Prior work targeting electrical gain on a silicon photonic platform includes demonstration of MESFET [18], Germanium-based MOSFET [19], and lateral BJT with gain less than unity [20]. In this work, we demonstrate a lateral BJT with gain on a silicon photonics platform using a standard commercially available foundry process. We achieved a DC current gain of 10, with a Darlington configuration, which is the best performance metric achieved in a commercial silicon photonic platform to the best of our knowledge. Previously, Novack et al. demonstrated a monolithic n-type MESFET on the same platform [18]. With identical fabrication process, their device was subject to the same design rules as ours. To compare their performance against ours: their device demonstrated a transimpedance of 46 $\mu$S/$\mu$m, while our single device fares remarkably well with approximately 70 times higher transimpedance of 3.2 mS/$\mu$m. For a small-signal AC input, under an impedance matched condition, a single BJT can have an AC gain of at least 3dB for frequencies going up to 1.1 GHz.

This paper is organized as follows: section 2 discusses the relevance of a BJT in integrated photonic systems, section 3 details the design of our BJT, and section 4 and 5 present the DC and AC characterization results of our device respectively.

2. Monolithically integrated electronic-photonic systems

The promise of photonics beating the bottlenecks of its electrical counterpart, both in terms of speed and energy efficiency, has accelerated advancement in integrated photonic technology. A monolithic electronic-photonic integration scheme offers advantages including: lower parasitics and reduced laser power requirement over hybrid solutions, thereby enabling low-energy, high throughput density interconnect solutions. A photonic link is comprised of modulators and receivers, where the overall link performance is reliant on the performance of each unit [21]. A gain element, such as a BJT, can be implemented in a modulator driver, and/or in a TIA at the front-end of the receiver to convert small photocurrent from a photodiode to sizable voltage output. However, applications of a BJT extend far beyond photonic links: it can also be valuable for more complex systems like photonic neural networks, where it can enhance the O-E-O conversion, as discussed in [9].

The platform used in this work was primarily optimized for photonic components, like photodetectors and PN junction modulators. Sample characterization results of a microring modulator, MRM, and a Ge-based photodetector on the same chip are shown in Fig. 1. The long term goal for photonic engineers would be to incorporate photonic and electronic components into a single system that simultaneously harnesses benefits of both. Currently, the missing piece to realize such a system is an active electronic gain element. With a monolithically integrated BJT, this goal becomes viable. A (non-exhaustive) list of application scenarios of BJTs are presented below:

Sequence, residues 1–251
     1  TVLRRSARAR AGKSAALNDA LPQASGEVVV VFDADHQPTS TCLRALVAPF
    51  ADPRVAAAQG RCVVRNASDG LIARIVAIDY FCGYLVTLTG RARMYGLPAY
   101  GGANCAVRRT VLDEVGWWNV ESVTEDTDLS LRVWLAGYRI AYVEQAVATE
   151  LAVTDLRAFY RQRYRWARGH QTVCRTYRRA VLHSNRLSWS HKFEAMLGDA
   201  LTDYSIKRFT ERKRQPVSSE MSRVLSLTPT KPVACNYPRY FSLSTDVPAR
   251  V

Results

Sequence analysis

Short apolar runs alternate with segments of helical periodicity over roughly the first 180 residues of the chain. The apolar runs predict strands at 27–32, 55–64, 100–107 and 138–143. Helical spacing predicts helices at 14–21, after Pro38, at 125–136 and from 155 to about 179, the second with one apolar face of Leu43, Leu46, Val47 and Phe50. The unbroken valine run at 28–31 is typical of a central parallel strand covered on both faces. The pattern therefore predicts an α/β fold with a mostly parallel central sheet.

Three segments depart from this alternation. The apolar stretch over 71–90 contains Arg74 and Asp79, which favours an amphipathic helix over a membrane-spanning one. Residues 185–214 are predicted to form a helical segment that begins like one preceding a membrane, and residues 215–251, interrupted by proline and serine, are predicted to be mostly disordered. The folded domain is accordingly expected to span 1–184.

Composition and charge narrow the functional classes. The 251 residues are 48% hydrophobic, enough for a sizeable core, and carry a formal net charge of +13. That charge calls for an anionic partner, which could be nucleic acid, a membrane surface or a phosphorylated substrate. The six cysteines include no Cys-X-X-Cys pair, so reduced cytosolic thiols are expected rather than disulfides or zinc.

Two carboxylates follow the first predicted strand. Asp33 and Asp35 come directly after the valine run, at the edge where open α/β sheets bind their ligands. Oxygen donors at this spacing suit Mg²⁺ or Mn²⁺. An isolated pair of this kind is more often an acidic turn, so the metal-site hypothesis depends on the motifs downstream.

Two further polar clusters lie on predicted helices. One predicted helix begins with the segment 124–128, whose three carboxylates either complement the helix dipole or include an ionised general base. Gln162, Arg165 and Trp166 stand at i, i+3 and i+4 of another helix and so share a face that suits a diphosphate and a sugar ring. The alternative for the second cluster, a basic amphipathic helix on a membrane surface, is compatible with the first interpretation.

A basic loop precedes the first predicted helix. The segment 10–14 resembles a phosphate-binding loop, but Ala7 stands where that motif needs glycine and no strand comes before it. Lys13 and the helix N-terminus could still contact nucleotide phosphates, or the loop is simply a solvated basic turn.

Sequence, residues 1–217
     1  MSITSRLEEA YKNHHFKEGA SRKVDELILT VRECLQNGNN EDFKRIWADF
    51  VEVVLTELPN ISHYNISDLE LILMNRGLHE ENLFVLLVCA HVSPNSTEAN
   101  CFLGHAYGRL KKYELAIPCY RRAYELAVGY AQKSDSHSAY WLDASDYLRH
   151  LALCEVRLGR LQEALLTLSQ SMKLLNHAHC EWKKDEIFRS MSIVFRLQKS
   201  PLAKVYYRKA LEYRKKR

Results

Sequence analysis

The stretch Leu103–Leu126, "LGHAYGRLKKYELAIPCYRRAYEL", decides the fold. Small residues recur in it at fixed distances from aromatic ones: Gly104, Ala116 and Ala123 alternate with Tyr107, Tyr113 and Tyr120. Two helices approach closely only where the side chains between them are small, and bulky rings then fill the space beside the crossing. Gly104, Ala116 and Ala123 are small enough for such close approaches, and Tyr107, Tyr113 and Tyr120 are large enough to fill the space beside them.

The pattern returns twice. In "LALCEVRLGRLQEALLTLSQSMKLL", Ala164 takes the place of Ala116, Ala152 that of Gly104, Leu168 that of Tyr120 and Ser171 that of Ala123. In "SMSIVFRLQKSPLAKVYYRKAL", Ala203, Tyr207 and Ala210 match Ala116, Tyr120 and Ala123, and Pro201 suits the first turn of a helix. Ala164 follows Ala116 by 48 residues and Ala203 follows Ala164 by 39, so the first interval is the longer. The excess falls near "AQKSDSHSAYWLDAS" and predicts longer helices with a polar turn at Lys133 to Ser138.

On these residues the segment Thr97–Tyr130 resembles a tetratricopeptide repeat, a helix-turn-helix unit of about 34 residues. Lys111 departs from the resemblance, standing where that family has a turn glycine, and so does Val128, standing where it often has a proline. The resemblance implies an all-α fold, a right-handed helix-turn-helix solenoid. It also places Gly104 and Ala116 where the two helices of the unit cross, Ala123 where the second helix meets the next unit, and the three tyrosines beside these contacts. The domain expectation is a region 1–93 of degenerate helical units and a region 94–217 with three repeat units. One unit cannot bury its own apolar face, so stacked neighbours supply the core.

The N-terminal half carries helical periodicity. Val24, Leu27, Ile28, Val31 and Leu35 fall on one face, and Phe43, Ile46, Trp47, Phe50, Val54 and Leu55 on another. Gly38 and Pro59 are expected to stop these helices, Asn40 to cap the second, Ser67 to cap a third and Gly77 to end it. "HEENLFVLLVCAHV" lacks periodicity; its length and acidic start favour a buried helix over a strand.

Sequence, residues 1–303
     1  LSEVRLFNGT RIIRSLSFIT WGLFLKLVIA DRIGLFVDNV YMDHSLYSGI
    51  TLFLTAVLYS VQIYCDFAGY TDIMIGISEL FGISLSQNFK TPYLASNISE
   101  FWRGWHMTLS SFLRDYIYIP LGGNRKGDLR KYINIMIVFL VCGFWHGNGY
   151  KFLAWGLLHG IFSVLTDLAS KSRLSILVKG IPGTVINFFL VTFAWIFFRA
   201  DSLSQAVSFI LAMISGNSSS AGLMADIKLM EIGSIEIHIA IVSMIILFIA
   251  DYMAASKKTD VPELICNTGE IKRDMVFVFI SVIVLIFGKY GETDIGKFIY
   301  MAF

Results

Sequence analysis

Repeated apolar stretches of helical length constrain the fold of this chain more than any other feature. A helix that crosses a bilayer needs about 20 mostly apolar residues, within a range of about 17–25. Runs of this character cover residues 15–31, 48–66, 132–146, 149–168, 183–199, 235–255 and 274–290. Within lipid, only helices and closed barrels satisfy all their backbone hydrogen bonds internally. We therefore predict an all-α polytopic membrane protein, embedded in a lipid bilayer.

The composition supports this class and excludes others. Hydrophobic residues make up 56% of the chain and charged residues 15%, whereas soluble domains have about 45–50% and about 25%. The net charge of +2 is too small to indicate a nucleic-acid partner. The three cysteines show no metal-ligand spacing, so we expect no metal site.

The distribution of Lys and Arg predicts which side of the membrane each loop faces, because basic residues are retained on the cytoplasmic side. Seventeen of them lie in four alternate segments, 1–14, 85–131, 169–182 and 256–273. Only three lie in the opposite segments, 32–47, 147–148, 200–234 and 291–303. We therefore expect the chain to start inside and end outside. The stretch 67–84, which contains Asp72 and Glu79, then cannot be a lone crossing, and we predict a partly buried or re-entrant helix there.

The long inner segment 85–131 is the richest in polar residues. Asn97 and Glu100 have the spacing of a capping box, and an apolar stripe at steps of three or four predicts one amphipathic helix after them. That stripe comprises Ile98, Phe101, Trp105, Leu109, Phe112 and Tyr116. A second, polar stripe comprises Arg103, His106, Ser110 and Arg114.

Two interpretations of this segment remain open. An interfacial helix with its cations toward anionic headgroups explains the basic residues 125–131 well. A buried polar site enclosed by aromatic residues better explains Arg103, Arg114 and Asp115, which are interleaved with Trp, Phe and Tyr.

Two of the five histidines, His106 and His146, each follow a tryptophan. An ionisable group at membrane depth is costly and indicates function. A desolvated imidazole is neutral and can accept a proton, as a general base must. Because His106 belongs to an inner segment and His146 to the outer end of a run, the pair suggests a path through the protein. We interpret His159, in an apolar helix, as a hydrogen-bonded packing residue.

• • Photonic interconnects:
    • 1. Modulator driver: State-of-the-art index modulators integrated on Si photonic platforms rely on plasma dispersion effect across a PN junction, and typically have $V_{\pi }$ of a few volts [22]. Sample transmitter circuit design, with a microring modulator (MRM), and measured modulation characteristics of the MRM are shown in Fig. 2(a) and 1(c) respectively. Modulator energy cost depends on device parameters (extinction ratio (ER), insertion loss (IL)), and system parameters (data rate). A modulator driver, enabled by a BJT, can reduce the voltage requirement for a certain ER at a desired data rate, improving the overall modulator efficiency.
    • 2. Receiver front-end: At a photonic receiver, optical data is converted back to electrical domain via a photodiode (PD). The most simple receiver implementation is a resistive receiver, where the circuit consists of a resistor in parallel to a PD before the amplifying stage (PA). With its parasitic capacitance, a resistive receiver suffers from the gain-bandwidth tradeoff, which is avoidable with a TIA [21]. Schematic of a TIA-based receiver is shown in Fig. 2(b). Current Ge photodetectors have responsivity of around 0.7A/W. For optical powers of about -10 dBm, the corresponding photocurrent would be few tens of $\mu$A. A resistive receiver would not suffice to drive a modulator with $V_{\pi }$ of a few volts. TIAs come in handy here as they offer the required voltage swing via photocurrent amplification. Additionally, for high data rate operation, the power budget of a photonic link is primarily dominated by modulator/laser/receiver energy cost over electrical tuning. Improvement in receiver sensitivity via a TIA thus lowers the energy cost of the overall photonic link.